In the meantime, the Maltese government has given permits to build huge petrol and fuel stations across the islands. Fourteen permits for new stations were filed since 20158. Controversially these are being built on protected land too. These businesses will no longer be able to sustain themselves within the next 20 years or so as more and more electrical cars hit the market.
But the government can’t be pro-combustion engine and anti-combustion engine at the same time.
So it chooses to kill around 200 people per year instead.
Do you know anyone suffering from cancer or a heart condition? Don’t share this article with them.
- Labour ignored pollution alert in dash for diesel; Patrick Maguire; The Times; 2017-11-18
- Reducing Particulate Matter Emissions from Diesel Vehicles and Equipment; Healthyair.org.uk; 2013-10
- Diesel engine exhaust carcinogenic; World Health Organisation; 2012-06-12
- Air quality in Europe – 2017; European Environment Agency; 2017
- Evidence on the impact of sustained exposure to air pollution on life expectancy from China’s Huai River policy; Yuyu Chen et al; Proceedings of the National Academy of Sciences; 2013-08-06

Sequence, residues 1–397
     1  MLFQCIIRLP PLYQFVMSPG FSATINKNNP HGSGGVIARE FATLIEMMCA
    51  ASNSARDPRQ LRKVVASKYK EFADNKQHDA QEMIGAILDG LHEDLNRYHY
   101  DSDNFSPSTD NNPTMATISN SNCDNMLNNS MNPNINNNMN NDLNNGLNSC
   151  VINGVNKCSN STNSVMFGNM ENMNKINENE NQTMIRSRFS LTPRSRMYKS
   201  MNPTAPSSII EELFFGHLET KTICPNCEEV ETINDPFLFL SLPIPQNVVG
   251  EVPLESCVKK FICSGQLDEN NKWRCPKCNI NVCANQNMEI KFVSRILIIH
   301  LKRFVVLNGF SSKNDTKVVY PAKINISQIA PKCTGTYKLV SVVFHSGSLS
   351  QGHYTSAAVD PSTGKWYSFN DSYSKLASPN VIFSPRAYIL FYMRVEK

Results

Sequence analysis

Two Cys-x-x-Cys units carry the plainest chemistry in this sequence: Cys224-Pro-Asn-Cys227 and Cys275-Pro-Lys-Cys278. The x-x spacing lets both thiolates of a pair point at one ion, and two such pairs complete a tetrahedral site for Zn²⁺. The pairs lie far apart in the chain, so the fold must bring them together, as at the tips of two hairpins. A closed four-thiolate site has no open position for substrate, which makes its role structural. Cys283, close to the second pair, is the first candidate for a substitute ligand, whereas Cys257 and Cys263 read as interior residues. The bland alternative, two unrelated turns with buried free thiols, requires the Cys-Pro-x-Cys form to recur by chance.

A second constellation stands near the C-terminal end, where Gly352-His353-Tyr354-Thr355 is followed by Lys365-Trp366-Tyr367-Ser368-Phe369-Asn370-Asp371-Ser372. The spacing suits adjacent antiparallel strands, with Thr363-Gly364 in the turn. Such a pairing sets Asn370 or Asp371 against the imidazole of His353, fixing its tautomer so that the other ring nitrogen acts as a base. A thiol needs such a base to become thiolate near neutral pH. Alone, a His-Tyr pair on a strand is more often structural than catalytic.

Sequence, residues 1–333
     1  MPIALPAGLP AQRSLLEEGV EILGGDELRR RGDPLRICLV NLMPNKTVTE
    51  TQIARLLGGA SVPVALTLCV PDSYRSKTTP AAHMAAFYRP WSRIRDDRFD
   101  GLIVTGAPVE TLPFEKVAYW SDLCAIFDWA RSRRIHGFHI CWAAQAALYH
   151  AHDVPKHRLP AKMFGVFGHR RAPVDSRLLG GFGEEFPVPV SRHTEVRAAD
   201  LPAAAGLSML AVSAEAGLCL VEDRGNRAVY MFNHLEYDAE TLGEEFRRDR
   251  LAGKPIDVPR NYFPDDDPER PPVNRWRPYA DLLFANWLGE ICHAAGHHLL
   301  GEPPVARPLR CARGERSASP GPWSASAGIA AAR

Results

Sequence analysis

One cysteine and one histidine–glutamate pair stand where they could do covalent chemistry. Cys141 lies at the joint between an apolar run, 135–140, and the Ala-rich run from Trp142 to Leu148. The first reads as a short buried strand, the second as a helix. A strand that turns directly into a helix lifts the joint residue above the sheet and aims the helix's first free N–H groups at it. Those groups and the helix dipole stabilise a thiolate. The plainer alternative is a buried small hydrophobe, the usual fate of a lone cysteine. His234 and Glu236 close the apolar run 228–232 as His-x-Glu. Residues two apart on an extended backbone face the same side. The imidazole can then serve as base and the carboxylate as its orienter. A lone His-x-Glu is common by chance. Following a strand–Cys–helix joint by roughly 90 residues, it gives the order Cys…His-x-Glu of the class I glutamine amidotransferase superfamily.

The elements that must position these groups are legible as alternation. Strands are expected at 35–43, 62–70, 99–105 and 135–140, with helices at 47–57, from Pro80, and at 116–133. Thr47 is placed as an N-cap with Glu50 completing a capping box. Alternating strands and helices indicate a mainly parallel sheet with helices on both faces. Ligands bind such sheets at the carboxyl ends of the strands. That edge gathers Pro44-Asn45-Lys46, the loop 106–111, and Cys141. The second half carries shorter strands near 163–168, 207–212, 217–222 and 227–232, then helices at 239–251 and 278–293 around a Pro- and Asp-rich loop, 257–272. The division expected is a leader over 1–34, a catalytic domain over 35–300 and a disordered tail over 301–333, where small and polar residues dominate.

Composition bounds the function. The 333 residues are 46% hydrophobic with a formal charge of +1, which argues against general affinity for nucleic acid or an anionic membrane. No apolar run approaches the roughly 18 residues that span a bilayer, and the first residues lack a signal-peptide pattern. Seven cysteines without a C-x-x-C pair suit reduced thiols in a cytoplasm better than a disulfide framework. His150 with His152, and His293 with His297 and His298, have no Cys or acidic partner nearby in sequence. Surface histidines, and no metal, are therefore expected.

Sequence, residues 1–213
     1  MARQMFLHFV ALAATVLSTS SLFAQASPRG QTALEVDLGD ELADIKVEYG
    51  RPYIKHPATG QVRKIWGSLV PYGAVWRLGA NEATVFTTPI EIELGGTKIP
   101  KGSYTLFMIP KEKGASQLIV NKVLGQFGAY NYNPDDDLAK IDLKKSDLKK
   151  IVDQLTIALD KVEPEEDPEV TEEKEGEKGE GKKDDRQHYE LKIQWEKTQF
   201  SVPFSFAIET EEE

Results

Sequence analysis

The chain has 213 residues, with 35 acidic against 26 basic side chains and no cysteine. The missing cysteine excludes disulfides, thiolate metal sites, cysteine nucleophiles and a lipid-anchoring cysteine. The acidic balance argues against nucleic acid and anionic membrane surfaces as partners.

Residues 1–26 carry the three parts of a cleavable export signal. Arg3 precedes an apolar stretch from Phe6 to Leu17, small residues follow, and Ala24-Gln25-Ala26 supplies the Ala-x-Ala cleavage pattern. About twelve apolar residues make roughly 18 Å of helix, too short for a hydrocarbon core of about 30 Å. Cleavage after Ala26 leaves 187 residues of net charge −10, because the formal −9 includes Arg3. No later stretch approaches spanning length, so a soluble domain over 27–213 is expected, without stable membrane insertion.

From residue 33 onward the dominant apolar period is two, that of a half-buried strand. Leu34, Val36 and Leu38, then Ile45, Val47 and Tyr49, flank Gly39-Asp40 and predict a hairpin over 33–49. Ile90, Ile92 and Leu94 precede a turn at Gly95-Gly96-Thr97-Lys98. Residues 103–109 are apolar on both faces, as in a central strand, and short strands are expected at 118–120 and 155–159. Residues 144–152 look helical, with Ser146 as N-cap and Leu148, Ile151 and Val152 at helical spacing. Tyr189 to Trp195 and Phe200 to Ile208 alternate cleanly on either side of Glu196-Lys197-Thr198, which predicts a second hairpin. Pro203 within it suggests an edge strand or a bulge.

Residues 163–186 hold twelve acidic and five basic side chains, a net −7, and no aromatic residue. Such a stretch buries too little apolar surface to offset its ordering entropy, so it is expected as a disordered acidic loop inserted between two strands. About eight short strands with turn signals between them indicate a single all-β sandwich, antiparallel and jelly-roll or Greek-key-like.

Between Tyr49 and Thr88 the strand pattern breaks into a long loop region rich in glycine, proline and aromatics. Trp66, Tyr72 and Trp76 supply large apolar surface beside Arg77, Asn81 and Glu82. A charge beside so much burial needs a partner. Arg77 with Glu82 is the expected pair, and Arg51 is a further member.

- UK plans to ban sale of new petrol and diesel cars by 2040; Jim Pickard and Peter Campbell; Financial Times; 2017-07-26
- The death of diesel: has the one-time wonder fuel become the new asbestos?; Adam Forrest; The Guardian; 2017-04-13
- Petrol stations: a pipeline to concrete in the countryside; Philip Leone Ganado; The Times of Malta; 2018-02-11
All references were valid and correct when this article was published. Changes to referenced websites or web pages may render some references invalid. If this is the case, please leave a comment below.
Written by: Antoine P Borg